In 2012, Josh Mandel’s political future was glowing.
As Ohio’s state treasurer, he ran for a US Senate seat as a young conservative Marine vet with deep ties to local and national Jewish communities. Despite the fact that he lost the election to the incumbent, Democrat Sherrod Brown, Mandel stayed on the rise, and Republicans would urge him to run again in 2018.
Mandel leaned into his Jewish side as a public figure, often noting his upbringing, which included membership in a Conservative synagogue, a stint on the Jewish Community Center softball team and a dad, Bruce, who at one time chaired Cleveland’s Jewish Community Relations Council.
A Wall Street Journal op-ed in 2012 noted Mandel’s Jewishness, arguing that he symbolized a growing diversity in the GOP’s ranks. The Republican Jewish Coalition frequently gushed about their “rising star.” “Go Josh go!” the group wrote in 2015.
Today, Mandel — and the constituency whose support he seeks — look significantly different.
Mandel, 44, is again running for a Senate seat, this time to replace retiring Republican Rob Portman. But first he has to earn the GOP nomination in a crowded primary field. And these days Mandel represents the far-right option for voters.
He claims that former US President Donald Trump won last year’s presidential election and wants Congress to investigate baseless allegations of election fraud. He frequently calls Republicans who have opposed Trump, such as Reps. Liz Cheney of Wyoming and Anthony Gonzalez of Ohio, “traitors.” He says bringing in Afghan refugees exposes American children to predators. He likens coronavirus prevention measures to the conduct of the Gestapo.
And in a notable shift in his relations with the Jewish community, Mandel has become a leader in the movement to promote “Judeo-Christian” values in politics, routinely appearing at evangelical Christian events.
The front page of his campaign website declares that he is “Pro-God” and features a picture of a church steeple topped with a cross. He frequently deploys the term “Judeo-Christian” on Twitter, without clearly defining its meaning, except usually as a means of attacking Muslims.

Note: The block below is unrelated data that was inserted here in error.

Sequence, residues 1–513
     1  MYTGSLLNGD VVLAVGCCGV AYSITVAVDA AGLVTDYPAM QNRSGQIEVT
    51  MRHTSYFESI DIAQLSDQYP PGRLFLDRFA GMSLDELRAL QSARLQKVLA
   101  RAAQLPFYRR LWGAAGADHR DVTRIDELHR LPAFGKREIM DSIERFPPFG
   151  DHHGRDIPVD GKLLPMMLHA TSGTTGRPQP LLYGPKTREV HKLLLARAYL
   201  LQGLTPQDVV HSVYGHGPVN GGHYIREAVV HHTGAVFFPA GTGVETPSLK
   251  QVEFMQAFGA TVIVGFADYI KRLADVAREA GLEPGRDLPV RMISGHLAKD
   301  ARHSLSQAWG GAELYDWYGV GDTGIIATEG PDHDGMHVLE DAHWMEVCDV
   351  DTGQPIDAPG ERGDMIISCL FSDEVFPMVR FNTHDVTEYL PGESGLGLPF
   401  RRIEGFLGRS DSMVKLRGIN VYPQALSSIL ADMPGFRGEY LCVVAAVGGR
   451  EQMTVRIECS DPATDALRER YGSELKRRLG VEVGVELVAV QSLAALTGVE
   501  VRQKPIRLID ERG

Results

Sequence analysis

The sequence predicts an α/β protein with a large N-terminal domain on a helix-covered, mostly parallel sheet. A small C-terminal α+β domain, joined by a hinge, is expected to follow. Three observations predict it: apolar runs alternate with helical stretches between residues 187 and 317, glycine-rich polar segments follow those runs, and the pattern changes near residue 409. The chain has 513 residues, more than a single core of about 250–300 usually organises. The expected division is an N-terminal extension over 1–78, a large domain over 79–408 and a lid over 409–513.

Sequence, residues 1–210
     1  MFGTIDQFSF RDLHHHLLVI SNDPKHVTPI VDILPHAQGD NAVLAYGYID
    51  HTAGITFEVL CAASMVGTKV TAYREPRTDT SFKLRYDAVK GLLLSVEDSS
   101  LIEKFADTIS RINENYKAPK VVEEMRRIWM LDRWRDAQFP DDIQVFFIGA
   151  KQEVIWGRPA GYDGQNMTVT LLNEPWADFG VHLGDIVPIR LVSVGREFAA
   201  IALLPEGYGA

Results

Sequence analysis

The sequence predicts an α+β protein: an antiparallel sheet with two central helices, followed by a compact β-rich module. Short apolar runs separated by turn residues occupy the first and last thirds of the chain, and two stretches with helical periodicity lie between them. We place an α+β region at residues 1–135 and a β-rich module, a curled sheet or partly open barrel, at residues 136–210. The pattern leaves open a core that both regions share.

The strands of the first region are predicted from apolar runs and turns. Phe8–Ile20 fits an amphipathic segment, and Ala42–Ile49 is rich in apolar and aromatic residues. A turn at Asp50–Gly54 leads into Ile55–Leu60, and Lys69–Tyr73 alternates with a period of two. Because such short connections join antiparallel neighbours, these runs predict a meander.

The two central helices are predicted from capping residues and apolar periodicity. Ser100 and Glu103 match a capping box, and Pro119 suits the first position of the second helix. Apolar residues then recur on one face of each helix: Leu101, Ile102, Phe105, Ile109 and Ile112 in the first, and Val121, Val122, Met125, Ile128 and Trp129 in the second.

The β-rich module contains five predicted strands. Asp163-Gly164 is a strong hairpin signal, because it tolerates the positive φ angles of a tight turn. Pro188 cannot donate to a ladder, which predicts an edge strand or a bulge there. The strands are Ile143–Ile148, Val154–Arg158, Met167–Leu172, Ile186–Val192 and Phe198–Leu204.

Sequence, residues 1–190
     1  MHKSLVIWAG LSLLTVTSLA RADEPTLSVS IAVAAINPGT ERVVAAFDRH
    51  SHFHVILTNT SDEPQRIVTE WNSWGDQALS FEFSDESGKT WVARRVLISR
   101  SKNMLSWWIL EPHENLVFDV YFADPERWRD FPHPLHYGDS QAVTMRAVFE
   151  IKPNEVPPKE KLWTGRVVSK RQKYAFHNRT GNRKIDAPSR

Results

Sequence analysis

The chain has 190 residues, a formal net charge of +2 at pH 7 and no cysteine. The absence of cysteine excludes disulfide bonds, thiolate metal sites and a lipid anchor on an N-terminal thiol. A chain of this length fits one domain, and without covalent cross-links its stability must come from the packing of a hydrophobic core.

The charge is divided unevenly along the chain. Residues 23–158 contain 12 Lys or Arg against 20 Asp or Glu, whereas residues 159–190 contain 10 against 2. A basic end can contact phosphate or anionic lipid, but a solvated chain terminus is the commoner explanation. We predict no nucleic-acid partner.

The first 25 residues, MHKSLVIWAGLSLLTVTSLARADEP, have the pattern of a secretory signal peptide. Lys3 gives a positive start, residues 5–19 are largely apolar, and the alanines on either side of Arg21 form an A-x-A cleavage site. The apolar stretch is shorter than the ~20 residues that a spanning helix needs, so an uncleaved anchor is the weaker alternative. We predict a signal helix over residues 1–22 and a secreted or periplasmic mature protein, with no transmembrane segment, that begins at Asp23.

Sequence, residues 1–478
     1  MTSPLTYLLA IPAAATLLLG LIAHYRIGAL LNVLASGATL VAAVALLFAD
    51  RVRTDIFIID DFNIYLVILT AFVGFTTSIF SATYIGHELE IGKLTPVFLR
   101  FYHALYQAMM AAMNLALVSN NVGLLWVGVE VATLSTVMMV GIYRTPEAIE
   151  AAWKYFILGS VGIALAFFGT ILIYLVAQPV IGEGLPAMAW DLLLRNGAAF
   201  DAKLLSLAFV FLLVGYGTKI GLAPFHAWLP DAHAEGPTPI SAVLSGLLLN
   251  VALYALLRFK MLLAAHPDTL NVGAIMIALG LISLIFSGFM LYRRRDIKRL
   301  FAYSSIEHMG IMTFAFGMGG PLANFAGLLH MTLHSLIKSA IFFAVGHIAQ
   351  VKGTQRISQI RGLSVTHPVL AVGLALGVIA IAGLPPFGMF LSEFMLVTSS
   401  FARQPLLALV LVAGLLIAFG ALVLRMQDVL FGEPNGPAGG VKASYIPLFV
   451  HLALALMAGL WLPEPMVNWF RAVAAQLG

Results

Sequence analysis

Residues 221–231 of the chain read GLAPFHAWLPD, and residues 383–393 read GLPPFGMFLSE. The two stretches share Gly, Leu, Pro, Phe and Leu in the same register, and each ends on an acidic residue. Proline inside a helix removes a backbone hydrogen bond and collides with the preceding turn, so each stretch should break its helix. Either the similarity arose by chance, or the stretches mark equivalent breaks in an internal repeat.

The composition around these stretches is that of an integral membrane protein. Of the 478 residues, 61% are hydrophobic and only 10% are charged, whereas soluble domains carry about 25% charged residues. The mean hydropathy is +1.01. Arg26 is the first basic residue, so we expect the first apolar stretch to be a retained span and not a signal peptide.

“These planes are now being emptied into Cleveland, Toledo and other places in the heart of America,” he said in a Sept. 3 tweet referencing the refugees from Afghanistan evacuated by the United States as Kabul fell to the Taliban. “To protect our kids, our communities and our Judeo-Christian way of life, we must FIGHT this with all our might.”
Faiths and creeds outside the “Judeo-Christian” ethic do not distinguish good from evil, Mandel suggested at a recent debate for the six Republicans running for the Senate seat nomination.
The “Judeo-Christian ethic separates itself from Islam and atheism and all these other belief sets on so many levels, but one of the main levels is our acknowledgment of good vs. evil,” he said.
Mandel has also argued repeatedly that there is no constitutional separation of church and state. He has called for the shuttering of public schools — which he calls “government schools” — and says schools should go “in churches and synagogues.”
The Jewish Telegraphic Agency asked Mandel for an interview. He asked for questions in writing, and has not replied to detailed questions about these and other policy proposals.
“Judeo-Christian” is a recent term, one that most Jewish scholars say was deployed in the 20th century to bring together coalitions to fight fascism, communism and racism. More recently, it has been used as a cudgel, they say, to marginalize secular Americans and those belonging to other minority religions, particularly Muslims.